1. Don’t just run up to someone and ask, “How did you get that way?” Approach it like you’re interested to know, not like you’re asking to make a mockery out of the disability. Maybe like, “Hi, may I ask how your disability came about?” Or, “Have you always been blind?” At that point, my efforts in not thinking you’re an ignorant person I should ignore, could possibly turn into a fantastic and titillating conversation. And maybe, just maybe, you will walk away with knowledge and you don’t have to seem like you’re some annoying ghetto person who was cracking up to yourself because they’re holding a cane in their hand or have a dog to their side.
2. Don’t just forcefully grab someone’s arm out of panic. If you see a blind person traveling, chances are, their mobility skills are decent enough that they can be on their own. If you walk up and ask, “Excuse me, do you need any assistance?” Not only does it show education and tact, but also shows that you’re allowing yourself to know that the blind individual has a mind of their own. You give them a chance to answer with a yes or no, making them just another person getting asked for help. I have had many times where I’m about to walk down steps at a train station, and I get my arm forcefully coddled as if I’m a kid getting held by my mommy or daddy at a young age as we cross the street – that, I’m not.
3. There is a long white “stick,” as you may see it, but we call it a cane. It might sound crazy to describe it this way, but it is our eyes. We use this mobility tool to feel our surroundings. Whether objects in our path, or discovering curbs and staircases, it helps us travel with ease of use. Never jump, grab, or hold the other end of the cane to tease, or offer help. One time, I was walking and someone offered to help and proceeds to pick up the other end of my cane as I’m holding the side I needed to hold on to. I was disgusted – couldn’t believe that this person even remotely thought it was a smart idea to do such a thing, completely making me look like I’m an immobilized, human-sized animal and I’m getting guided by a harness of some sort. Our cane is our lifeline when out in public, and without it, we’re screwed. Simply ask if we need your help, and we will use sighted-guide. Lots of organizations frown upon sighted-guide so if some blind individuals don’t believe in grabbing your arm, don’t be offended. If they don’t grab your arm, repeat, “I’m here,” to give them a verbal guide.
4. This one is huge for me. Sometimes, you’re going to come across a blind individual walking with a, “beautiful,” “amazing,” or “incredible” dog at their side. This is a guide dog, not a pet. You will see a handle, which is what we call a harness. These dogs are not to be touched, fed, whistled at, or grabbed. They’re gorgeous dogs and all, but they help us. Never come up and grab the harness either in an act for help. The standard side a guide dog walks on is the left, so if you are willing to help someone who is blind and is a guide dog handler, walk on their right side. If you approach a blind person to touch/pet the dog, they will call the right time if they do allow it. When I was in college, I had no tolerance for people who would just come up and sneakily touch my dog. If they proceeded to ask after I caught them, they would never have a chance to touch my beautiful baby Teeva. If we are in a spot, where we have enough time, and you ask me nicely, I would definitely let you. You can’t pet the dog while the harness is on because that indicates to them that they’re on duty. You don’t want to distract the dog while working, because the dog will then think its okay to lick, play or disregard the handler, which is extremely dangerous for him/her. Remember, not many people are passive such as I am, so if they say no to petting the dog, don’t be offended as they have their reasons. Respect it, and walk away.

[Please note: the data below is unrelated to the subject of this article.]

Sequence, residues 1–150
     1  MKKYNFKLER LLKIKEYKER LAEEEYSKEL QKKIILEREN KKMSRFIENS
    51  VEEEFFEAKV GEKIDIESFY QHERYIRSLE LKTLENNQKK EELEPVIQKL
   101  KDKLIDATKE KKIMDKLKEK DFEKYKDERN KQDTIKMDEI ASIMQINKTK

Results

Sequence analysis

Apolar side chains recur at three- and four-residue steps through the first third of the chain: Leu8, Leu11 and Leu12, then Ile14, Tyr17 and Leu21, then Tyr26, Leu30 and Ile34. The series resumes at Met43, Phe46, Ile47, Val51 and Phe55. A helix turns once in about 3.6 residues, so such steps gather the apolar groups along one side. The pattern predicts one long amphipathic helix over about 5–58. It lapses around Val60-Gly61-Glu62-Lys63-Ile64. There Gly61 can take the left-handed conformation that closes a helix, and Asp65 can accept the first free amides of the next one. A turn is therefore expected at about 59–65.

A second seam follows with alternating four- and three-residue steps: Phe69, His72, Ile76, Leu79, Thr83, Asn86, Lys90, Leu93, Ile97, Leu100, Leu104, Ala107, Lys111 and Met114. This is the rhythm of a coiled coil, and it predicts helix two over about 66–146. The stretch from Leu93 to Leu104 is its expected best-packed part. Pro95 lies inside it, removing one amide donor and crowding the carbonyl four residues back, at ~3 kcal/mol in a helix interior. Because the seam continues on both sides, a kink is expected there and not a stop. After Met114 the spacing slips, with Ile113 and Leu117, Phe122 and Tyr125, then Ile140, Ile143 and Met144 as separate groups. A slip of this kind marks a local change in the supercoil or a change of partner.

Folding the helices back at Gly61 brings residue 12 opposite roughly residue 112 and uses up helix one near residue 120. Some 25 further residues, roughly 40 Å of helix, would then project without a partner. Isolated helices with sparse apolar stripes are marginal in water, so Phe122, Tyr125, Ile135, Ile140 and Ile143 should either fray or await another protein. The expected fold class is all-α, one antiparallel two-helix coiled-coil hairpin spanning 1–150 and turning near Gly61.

5. DO NOT SHOUT! Lots of people have this thing where they think if our eyes don’t work, then our ears don’t work. I mean, why would they, right? They’re connected and close to each other after all. Yes, there are blind people who are partially deaf, but you shouldn’t shout at us. We can hear you, we can talk to you, and we can speak at the normal volume you speak at with your sighted counterparts.
There are so many things I can place on this list, but it would take way too long to mention. I just hope this helps the next time you see a blind person walking down the street, standing in a store, going down steps, stepping onto a train or walking across the street, that you approach in an educated, and respectful manner. Then you can educate those who may not know. At the end of the day, we are all like you. I have traveled through New York City, Los Angeles, Memphis, and Baltimore on my own just to name a few places, and I have survived. So just like you can travel, I can too. Just like you take showers, have an interested career path, use Twitter, Facebook, text, eat, walk, breathe, I can do it too… I just don’t use my eyes and have found tools and methods to carry these things out successfully.